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control BIRD.
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<p>Finally, there is a possibility to use external tools to run BIRD in an
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environment with restricted privileges. This may need some configuration, but it
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is generally easy -- BIRD needs just the standard library, privileges to read
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the config file and create the control socket and the CAP_NET_* capabilities.
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<chapt>About routing tables
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<label id="routing-tables">
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<p>BIRD has one or more routing tables which may or may not be synchronized with
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OS kernel and which may or may not be synchronized with each other (see the Pipe
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protocol). Each routing table contains a list of known routes. Each route
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consists of:
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<itemize>
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	<item>network prefix this route is for (network address and prefix
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		length -- the number of bits forming the network part of the
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		address; also known as a netmask)
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	<item>preference of this route
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	<item>IP address of router which told us about this route
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	<item>IP address of router we should forward the packets to using this
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		route
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	<item>other attributes common to all routes
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	<item>dynamic attributes defined by protocols which may or may not be
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		present (typically protocol metrics)
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</itemize>
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Routing table maintains multiple entries for a network, but at most one entry
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for one network and one protocol. The entry with the highest preference is used
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for routing (we will call such an entry the <it/selected route/). If there are
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more entries with the same preference and they are from the same protocol, the
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protocol decides (typically according to metrics). If they aren't, an internal
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ordering is used to break the tie. You can get the list of route attributes in
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the Route attributes section.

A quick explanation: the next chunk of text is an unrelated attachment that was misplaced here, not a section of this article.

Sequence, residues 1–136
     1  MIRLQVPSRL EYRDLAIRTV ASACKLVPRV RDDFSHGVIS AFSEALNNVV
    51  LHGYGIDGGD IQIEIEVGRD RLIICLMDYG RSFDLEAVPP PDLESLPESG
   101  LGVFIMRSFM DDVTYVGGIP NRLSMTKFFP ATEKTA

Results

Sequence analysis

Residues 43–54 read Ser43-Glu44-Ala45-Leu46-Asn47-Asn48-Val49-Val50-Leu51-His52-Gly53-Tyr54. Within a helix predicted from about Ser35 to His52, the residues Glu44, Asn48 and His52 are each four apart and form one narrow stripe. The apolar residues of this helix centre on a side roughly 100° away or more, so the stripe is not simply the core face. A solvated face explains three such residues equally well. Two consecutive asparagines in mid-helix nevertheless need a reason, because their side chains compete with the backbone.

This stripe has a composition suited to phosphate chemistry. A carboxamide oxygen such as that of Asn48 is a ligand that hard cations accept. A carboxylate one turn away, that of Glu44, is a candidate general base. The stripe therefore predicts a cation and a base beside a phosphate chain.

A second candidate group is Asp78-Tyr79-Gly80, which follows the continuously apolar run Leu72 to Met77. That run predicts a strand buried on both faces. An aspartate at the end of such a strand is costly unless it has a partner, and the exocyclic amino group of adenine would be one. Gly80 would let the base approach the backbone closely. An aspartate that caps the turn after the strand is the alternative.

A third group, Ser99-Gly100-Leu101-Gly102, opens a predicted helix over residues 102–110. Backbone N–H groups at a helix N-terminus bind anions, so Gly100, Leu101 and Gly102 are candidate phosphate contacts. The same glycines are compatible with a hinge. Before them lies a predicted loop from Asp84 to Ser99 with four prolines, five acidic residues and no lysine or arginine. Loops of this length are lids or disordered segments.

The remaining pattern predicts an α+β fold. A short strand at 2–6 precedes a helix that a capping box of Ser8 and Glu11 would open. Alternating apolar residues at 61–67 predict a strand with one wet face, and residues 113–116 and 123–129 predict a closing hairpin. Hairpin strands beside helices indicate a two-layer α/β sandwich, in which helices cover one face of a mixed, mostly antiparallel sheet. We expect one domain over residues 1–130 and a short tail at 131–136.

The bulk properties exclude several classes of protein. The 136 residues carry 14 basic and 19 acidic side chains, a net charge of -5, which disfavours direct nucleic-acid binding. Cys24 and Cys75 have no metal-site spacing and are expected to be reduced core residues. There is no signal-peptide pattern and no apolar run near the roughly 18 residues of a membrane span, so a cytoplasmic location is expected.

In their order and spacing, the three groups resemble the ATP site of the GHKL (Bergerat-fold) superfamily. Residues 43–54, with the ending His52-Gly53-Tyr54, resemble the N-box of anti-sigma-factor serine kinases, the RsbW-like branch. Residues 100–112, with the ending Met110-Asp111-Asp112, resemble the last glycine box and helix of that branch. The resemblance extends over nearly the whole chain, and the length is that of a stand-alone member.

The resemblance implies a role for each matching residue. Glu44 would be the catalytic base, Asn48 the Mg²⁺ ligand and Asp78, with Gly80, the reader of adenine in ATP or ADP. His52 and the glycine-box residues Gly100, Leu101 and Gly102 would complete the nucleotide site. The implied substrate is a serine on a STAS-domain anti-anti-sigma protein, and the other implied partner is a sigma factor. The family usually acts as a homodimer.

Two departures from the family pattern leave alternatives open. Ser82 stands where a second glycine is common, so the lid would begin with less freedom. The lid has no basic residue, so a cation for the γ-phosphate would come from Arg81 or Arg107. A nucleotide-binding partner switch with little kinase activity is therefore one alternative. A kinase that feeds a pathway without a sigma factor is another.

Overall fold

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<p>Each protocol is connected to a routing table through two filters which can
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accept, reject and modify the routes. An <it/export/ filter checks routes passed
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from the routing table to the protocol, an <it/import/ filter checks routes in
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the opposite direction. When the routing table gets a route from a protocol, it
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recalculates the selected route and broadcasts it to all protocols connected to
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the table. The protocols typically send the update to other routers in the
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network. Note that although most protocols are interested in receiving just
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selected routes, some protocols (e.g. the <cf/Pipe/ protocol) receive and
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process all entries in routing tables (accepted by filters).
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<p><label id="dsc-table-sorted">Usually, a routing table just chooses a selected route
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from a list of entries for one network. But if the <cf/sorted/ option is
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activated, these lists of entries are kept completely sorted (according to
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preference or some protocol-dependent metric). This is needed for some features
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of some protocols (e.g. <cf/secondary/ option of BGP protocol, which allows to
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accept not just a selected route, but the first route (in the sorted list) that
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is accepted by filters), but it is incompatible with some other features (e.g.
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<cf/deterministic med/ option of BGP protocol, which activates a way of choosing
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selected route that cannot be described using comparison and ordering). Minor
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advantage is that routes are shown sorted in <cf/show route/, minor disadvantage